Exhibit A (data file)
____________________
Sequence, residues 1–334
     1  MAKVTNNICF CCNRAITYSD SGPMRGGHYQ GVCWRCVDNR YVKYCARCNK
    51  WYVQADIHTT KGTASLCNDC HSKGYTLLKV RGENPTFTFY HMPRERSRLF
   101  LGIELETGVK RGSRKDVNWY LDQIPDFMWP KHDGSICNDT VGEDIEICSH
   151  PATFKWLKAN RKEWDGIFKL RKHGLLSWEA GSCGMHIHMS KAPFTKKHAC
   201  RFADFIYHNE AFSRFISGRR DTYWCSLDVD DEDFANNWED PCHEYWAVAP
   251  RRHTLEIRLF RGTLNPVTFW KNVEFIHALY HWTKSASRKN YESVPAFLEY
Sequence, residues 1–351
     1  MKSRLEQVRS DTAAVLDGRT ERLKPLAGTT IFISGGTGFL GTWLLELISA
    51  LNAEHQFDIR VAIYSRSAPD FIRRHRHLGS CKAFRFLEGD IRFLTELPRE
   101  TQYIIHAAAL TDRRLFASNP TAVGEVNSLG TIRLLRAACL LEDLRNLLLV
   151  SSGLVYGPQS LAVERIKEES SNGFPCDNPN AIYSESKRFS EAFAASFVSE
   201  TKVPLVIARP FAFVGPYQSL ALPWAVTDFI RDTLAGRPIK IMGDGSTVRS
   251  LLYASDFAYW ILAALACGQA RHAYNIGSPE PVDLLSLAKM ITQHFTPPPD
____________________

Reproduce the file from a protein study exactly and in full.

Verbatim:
Sequence, residues 1–334
     1  MAKVTNNICF CCNRAITYSD SGPMRGGHYQ GVCWRCVDNR YVKYCARCNK
    51  WYVQADIHTT KGTASLCNDC HSKGYTLLKV RGENPTFTFY HMPRERSRLF
   101  LGIELETGVK RGSRKDVNWY LDQIPDFMWP KHDGSICNDT VGEDIEICSH
   151  PATFKWLKAN RKEWDGIFKL RKHGLLSWEA GSCGMHIHMS KAPFTKKHAC
   201  RFADFIYHNE AFSRFISGRR DTYWCSLDVD DEDFANNWED PCHEYWAVAP
   251  RRHTLEIRLF RGTLNPVTFW KNVEFIHALY HWTKSASRKN YESVPAFLEY
Sequence, residues 1–351
     1  MKSRLEQVRS DTAAVLDGRT ERLKPLAGTT IFISGGTGFL GTWLLELISA
    51  LNAEHQFDIR VAIYSRSAPD FIRRHRHLGS CKAFRFLEGD IRFLTELPRE
   101  TQYIIHAAAL TDRRLFASNP TAVGEVNSLG TIRLLRAACL LEDLRNLLLV
   151  SSGLVYGPQS LAVERIKEES SNGFPCDNPN AIYSESKRFS EAFAASFVSE
   201  TKVPLVIARP FAFVGPYQSL ALPWAVTDFI RDTLAGRPIK IMGDGSTVRS
   251  LLYASDFAYW ILAALACGQA RHAYNIGSPE PVDLLSLAKM ITQHFTPPPD